It was a year in which governments and central banks around the world took extraordinary measures to get their economies growing. While the bailouts and economic stimulus boosts that many countries employed may have had mixed results for it’s citizens, the boost to stock markets was definitely real. The U.S. stock market ended the year with a comeback of historic proportions, with the Dow Jones Industrial Average up 65% from its March nadir and 20% for the year.
The broad-based S&P 500 index was up 25%, the strongest performance since 2010. The technology-driven Nasdaq index nearly doubled those gains, rallying 45%.
However US stock market advances paled in comparison with those of the BRIC (Brazil, Russia, India and China) stock market rallies. The (Chinese) Shanghai composite jumped 80% this year, while the best performing stock market in was Brazil’s Bovespa Index which surged 145% in dollar terms, fueled in part by the 29% rise in the value of its real currency versus the greenback.
India’s Sensex surged 81% as the government policies and economic growth fueled a quick rebound from March lows. Hong Kong’s Hang Seng index rose 52%, while Japan’s Nikkei closed a comparatively modest 19% higher.
The Japanese economy is still dogged by deflation, as well as fears that it may return to recession. Western-European stock markets also notched up 20 to 40 percent gains on average from lows earlier in the year, but the best performers in the region were many of the hard hit eastern European economies, up well over 50%.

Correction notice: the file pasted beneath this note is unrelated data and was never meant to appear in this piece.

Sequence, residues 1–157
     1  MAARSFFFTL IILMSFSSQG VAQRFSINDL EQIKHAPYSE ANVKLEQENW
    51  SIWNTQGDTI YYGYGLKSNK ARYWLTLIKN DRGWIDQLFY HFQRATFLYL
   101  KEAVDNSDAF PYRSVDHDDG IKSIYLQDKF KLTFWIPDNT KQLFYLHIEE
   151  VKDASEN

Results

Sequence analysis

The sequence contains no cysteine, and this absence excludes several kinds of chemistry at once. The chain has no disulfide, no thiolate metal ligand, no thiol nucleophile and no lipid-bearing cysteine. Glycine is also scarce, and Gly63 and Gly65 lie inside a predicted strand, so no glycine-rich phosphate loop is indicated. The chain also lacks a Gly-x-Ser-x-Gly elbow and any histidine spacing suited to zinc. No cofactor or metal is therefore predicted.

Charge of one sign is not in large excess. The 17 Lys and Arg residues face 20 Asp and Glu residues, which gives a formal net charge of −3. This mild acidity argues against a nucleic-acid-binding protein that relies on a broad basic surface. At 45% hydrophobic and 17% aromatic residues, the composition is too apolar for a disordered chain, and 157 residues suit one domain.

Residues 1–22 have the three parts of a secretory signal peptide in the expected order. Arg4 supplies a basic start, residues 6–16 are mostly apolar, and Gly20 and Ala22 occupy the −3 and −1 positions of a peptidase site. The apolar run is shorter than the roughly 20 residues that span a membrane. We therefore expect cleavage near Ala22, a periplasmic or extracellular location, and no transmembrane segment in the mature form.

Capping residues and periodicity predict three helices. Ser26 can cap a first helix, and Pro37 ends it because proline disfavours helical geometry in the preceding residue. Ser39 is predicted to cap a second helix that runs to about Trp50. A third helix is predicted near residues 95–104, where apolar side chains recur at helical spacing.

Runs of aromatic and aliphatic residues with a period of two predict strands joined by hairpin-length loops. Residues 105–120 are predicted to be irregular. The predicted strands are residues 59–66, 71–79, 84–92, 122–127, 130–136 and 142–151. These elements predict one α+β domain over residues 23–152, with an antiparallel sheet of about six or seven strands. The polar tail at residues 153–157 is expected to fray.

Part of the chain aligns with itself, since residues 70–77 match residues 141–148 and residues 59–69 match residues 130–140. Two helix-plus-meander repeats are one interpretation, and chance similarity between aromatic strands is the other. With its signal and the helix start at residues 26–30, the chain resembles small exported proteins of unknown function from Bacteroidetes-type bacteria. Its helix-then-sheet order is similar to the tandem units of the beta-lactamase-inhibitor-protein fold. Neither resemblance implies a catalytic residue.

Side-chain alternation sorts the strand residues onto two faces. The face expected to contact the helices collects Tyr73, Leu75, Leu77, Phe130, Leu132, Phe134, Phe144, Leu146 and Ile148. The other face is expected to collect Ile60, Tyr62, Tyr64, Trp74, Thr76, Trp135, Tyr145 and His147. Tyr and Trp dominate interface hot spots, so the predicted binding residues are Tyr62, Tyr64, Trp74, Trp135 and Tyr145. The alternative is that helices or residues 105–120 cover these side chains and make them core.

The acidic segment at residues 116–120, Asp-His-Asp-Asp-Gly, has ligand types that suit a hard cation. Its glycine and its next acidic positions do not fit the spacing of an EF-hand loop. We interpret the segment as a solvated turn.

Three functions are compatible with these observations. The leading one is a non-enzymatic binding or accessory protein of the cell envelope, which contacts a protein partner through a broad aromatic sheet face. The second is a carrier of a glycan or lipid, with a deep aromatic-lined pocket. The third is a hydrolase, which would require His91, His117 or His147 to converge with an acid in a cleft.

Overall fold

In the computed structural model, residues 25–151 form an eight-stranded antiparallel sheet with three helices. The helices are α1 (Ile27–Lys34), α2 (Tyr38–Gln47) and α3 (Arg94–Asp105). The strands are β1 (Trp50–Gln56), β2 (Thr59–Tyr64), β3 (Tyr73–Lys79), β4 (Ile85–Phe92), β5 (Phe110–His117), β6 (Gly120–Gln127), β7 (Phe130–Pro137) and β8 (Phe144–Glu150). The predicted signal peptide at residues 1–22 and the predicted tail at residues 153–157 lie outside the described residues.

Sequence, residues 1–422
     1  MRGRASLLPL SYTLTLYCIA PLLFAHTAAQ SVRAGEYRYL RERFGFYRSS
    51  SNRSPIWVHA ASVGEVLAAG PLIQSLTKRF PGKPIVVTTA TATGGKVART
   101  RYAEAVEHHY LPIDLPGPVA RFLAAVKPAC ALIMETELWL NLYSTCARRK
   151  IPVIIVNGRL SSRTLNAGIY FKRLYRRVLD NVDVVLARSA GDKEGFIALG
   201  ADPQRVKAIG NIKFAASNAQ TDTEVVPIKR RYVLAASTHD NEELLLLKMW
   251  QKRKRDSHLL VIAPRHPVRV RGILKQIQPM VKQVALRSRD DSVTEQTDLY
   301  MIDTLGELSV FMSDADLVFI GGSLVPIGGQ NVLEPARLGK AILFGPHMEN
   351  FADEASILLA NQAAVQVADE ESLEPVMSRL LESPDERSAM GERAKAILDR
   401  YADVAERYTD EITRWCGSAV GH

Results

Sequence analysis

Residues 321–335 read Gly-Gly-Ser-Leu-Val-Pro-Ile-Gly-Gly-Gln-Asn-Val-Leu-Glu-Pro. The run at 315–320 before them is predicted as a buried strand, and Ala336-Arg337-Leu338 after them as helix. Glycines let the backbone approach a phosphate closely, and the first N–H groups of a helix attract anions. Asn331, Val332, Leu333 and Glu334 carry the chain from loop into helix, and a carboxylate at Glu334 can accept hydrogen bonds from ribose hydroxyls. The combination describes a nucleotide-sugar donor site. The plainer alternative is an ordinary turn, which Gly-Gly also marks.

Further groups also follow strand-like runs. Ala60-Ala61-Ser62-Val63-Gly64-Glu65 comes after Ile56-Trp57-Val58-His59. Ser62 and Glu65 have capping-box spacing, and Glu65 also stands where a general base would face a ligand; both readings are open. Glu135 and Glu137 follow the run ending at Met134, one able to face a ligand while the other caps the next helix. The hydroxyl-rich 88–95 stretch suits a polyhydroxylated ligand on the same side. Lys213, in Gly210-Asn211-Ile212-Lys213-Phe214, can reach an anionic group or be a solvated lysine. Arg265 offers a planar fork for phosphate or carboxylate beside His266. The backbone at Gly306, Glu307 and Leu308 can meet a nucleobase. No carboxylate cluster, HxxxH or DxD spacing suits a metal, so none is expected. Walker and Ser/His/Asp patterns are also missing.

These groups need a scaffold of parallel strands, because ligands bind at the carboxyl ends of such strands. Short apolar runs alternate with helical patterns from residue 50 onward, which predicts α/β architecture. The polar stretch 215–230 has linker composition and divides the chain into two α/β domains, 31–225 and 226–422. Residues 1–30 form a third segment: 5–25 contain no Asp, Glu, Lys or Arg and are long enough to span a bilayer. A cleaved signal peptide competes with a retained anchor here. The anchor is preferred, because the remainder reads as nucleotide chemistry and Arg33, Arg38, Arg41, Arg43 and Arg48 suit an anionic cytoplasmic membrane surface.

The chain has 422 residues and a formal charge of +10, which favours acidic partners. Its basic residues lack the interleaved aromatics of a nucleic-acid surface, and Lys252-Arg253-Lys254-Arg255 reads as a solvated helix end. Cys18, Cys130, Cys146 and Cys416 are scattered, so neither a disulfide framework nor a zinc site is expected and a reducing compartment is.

Investors will remember 2009 as the year that the U.S. stock market made a substantial turnaround from its plunge in 2008 when fallout from the implosion of subprime mortgages and the credit crisis forced many well established financial institutions into or onto the edge of bankruptcy – changing the landscape of Wall Street forever.
Yet, even with a 60% gain since the lows in March, stock investors have lost money this decade when total returns (including dividends) are taken into account. Few will be overwhelmed with the long-term performance of their portfolios.
As far as 2010 goes, experts say 2009 percentage gains are not likely to be repeated and history suggests the biggest gains may already be over, making it hard to expect a blockbuster 2010. Governments are expected to withdraw economic support and there are concerns that businesses and consumer may struggle without it.
There are also expectations that interest rates may rise sooner than expected, which have been helping the U.S. dollar rally recently that could make a sustained move higher – if expectations for higher rates increase further. The stock market moved inversely to the dollar through most of 2009, and a continued bounce in the greenback in 2010 could therefore hurt stocks.
The market’s reaction to the US dollar is going to dictate a lot of the investment themes for the first half of 2010. Employment, corporate profits and housing will again be major factors in determining if 2010 will be a good year for investors.
If housing and employment stabilize, stock markets could easily rise another 20% and push close to record highs, though most expect say the easy money has been made already and you’re not going to see another 65% move in 2010.